I turned to see Rita Cavanaugh, the head librarian, walking up to the circulation desk.

Her black hair was pulled back into a chic chignon, and she was wearing a beautifully cut gray dress that was ideal for the hot summer weather and showed off her coffee-colored skin to perfection.

Somehow, even working in a dusty library, Rita always managed to look as if she’d just stepped off the cover of a magazine.

I, on the other hand, had a feeling that I was looking more than a little frazzled.

I could actually feel my curly brown hair frizzing even harder and working its way free of the careless ponytail I’d wrapped it in.

Dealing with three unreasonable men all at once could do that to you.

I blew a column of air up into my hair.

Rita gave me an understanding smile. “Looks like I arrived just in time.”

“Yes, you did,” I said. I glanced at the clock on my computer. “Mr. Clementine just called, and I’ve got to take his book over to him. And then I was just looking the book up when Mike and Joe started to have their thing.”

Rita continued to look calm and unperturbed. “Don’t worry. I’ve got you covered.”

I happened to glance down then and noticed for the first time that she was carrying a book in her hands.

“The Robertson book!” I exclaimed.

I glanced around.

“Sorry,” I whispered.

“I happened to overhear you while you were talking to Mr. Clementine,” Rita said. “So I took the liberty of pulling it from the shelves. It’s Volume One. Just like he wanted.”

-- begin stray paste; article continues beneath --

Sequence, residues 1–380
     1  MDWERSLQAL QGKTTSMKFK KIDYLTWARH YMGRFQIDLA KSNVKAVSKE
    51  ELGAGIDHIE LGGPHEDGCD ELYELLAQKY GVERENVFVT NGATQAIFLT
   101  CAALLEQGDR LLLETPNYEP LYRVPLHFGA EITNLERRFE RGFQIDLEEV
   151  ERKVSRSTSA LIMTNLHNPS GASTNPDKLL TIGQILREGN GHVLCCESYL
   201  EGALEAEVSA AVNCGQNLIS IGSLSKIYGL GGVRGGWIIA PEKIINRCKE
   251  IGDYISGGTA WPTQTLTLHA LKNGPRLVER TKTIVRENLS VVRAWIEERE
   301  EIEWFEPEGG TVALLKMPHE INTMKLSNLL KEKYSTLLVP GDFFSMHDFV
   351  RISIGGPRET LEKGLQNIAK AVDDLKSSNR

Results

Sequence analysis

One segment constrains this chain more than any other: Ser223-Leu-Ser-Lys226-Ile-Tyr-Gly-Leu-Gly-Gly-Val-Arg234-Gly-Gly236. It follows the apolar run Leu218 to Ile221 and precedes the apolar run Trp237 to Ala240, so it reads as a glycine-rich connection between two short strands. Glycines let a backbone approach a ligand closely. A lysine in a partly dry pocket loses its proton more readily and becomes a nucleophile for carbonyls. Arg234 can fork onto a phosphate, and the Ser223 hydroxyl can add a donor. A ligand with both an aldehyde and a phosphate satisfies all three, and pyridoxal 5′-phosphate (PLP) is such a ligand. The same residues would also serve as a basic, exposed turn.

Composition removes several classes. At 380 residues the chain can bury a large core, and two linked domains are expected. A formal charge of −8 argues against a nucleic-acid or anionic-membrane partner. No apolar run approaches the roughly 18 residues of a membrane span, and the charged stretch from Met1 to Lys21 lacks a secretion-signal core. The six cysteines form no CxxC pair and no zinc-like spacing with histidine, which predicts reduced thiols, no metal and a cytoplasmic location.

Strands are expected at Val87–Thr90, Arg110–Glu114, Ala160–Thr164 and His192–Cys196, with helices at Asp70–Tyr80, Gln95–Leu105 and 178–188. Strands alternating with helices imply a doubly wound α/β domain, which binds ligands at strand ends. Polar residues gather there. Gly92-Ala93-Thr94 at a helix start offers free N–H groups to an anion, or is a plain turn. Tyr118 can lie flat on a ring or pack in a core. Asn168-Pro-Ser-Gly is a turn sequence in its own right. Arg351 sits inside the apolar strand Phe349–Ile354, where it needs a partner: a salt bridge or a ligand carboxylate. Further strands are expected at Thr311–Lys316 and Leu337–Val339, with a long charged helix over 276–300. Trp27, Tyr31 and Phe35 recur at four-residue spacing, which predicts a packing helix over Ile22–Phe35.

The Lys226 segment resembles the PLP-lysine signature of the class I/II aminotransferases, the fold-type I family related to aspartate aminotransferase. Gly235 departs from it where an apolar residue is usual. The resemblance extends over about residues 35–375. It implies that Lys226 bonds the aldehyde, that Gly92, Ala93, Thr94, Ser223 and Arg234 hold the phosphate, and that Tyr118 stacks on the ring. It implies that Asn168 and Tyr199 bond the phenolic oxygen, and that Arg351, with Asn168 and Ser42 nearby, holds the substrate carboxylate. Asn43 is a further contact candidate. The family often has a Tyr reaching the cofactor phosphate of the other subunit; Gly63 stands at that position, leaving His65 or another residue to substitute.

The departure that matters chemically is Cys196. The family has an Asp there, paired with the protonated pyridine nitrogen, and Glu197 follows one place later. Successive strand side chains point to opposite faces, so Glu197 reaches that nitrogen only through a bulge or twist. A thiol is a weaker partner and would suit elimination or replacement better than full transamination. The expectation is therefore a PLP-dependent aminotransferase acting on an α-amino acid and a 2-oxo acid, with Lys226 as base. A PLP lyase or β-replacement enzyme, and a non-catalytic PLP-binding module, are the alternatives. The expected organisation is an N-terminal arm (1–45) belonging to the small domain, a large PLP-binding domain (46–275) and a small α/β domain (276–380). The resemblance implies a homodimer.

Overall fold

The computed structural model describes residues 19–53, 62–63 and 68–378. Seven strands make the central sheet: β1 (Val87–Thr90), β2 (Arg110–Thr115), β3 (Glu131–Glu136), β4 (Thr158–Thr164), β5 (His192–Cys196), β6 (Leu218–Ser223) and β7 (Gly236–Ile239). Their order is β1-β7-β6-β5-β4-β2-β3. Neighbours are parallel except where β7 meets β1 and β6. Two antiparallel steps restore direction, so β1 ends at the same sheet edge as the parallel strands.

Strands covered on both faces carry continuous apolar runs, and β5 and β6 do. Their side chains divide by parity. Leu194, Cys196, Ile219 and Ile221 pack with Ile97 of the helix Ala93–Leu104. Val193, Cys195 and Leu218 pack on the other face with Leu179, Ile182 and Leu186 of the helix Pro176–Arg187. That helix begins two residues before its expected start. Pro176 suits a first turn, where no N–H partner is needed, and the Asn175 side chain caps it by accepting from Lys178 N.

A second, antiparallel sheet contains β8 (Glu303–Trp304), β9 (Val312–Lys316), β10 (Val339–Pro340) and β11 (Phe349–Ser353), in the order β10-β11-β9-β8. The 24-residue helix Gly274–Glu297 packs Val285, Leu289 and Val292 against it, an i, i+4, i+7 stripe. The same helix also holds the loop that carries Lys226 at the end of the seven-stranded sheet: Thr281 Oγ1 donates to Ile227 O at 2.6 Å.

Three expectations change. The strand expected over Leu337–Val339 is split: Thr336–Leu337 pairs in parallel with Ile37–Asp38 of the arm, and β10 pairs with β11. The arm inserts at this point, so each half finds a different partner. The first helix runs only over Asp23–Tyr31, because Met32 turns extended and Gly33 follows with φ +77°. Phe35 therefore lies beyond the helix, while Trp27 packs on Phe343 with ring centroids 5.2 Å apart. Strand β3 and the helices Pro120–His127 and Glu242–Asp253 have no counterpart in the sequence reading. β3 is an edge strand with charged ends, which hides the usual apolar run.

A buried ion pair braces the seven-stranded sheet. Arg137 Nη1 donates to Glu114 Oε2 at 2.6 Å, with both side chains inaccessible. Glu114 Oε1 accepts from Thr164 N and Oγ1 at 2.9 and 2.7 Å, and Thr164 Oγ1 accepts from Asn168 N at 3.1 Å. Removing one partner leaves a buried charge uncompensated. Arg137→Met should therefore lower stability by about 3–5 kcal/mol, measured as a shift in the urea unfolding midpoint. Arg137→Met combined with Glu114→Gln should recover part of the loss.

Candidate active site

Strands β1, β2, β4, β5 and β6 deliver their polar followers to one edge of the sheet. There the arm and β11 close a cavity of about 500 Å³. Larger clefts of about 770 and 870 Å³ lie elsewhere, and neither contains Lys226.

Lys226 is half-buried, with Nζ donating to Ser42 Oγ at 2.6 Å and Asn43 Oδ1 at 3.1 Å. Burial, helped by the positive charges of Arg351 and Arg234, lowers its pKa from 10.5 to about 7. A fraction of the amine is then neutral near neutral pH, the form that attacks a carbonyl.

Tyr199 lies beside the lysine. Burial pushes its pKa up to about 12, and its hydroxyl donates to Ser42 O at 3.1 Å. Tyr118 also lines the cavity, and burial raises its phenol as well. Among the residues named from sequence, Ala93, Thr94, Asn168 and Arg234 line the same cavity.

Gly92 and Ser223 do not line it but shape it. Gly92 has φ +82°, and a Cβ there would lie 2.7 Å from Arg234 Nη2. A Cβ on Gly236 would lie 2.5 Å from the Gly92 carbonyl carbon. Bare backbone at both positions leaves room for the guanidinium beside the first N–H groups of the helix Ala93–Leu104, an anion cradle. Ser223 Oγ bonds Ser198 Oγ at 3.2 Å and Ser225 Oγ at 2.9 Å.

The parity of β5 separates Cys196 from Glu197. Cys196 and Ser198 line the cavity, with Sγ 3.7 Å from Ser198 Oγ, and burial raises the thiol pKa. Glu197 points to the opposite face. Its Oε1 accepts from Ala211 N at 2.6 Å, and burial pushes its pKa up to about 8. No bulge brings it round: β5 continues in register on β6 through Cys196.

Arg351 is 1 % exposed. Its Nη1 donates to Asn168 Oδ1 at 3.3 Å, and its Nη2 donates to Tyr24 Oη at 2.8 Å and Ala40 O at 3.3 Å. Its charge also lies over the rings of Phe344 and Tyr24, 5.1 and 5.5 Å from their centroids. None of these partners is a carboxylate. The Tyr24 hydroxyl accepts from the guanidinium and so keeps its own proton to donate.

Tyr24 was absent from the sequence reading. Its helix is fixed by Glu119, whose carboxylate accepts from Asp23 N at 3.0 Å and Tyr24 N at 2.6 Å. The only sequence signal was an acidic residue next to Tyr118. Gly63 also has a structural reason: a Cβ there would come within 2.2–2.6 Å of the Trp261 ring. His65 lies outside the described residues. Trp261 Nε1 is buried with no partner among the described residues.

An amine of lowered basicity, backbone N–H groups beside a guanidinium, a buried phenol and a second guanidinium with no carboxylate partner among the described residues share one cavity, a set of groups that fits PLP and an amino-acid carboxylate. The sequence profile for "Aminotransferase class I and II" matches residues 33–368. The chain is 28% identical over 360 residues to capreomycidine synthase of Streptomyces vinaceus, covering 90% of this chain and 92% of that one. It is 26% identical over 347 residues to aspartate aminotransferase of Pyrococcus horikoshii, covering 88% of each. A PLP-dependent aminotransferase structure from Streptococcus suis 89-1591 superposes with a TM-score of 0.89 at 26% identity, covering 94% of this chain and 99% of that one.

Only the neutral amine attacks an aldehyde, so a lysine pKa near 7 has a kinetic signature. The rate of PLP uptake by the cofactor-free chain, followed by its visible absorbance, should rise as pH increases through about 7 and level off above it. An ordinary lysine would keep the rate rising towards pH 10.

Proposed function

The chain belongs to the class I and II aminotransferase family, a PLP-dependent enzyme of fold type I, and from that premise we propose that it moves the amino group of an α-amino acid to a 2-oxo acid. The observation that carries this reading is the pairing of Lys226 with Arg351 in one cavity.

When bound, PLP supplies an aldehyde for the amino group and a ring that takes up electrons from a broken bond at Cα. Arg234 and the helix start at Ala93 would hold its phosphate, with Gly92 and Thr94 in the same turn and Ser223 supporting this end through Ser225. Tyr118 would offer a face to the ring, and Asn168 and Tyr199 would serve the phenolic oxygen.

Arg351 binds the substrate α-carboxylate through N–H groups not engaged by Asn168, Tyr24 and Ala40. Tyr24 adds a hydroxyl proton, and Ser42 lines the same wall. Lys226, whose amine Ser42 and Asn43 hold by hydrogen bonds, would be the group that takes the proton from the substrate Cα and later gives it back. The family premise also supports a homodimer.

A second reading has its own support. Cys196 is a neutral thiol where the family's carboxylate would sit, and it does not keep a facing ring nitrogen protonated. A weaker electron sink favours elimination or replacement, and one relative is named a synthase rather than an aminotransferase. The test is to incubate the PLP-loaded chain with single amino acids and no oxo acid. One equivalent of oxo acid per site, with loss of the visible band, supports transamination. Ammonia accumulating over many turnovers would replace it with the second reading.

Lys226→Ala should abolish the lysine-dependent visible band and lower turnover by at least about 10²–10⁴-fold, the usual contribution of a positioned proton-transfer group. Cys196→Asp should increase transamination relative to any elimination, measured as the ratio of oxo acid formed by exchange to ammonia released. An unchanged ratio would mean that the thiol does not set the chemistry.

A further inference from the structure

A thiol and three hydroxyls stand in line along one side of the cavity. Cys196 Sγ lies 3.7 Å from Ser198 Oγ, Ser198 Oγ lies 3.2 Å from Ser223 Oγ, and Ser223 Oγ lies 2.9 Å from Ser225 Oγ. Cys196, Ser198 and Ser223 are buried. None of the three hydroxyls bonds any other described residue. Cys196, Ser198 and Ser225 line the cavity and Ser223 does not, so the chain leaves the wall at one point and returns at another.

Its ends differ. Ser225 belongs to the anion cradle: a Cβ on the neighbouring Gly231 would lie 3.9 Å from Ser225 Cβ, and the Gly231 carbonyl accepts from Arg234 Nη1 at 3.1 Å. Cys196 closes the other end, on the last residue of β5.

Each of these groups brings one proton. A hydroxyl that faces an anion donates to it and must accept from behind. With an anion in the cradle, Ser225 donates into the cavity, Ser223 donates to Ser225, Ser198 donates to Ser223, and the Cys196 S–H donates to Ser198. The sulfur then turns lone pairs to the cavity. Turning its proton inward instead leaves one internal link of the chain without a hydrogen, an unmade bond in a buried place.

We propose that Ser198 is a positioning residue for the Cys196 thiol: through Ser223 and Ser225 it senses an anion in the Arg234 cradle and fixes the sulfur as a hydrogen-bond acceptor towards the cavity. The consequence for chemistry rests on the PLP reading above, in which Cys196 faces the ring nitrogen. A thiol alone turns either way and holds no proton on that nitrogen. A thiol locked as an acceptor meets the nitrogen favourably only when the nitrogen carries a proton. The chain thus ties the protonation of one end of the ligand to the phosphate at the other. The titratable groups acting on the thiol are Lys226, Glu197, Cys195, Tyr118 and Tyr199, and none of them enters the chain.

She paused significantly. “We have Volume Two also.”

“Thanks,” I said. “I’d better take that one, too.”

Rita gave me a conspirator’s smile and then turned to get the second book.

I began to gather up my stuff and glanced at the clock on the phone.

I’d need to hurry if I wanted to get there by eleven thirty.

Rita soon returned with Volume Two, but she hesitated before she gave it to me.

“You don’t have to this,” she said. “We don’t make house calls.”

“I know,” I said.

“Then why do you do it? Why take a book over to that cantankerous, rude old man?”

“I feel sorry for him,” I said.

Rita gave me a sympathetic look, and I accepted the book from her.

Then I left the library.

As I walked out the doors, I was immediately hit by a blast of the July heat.

The humidity was no joke, either, and beads of sweat began to form quickly as I settled into my very hot car and hoped that the air-conditioning would kick in soon.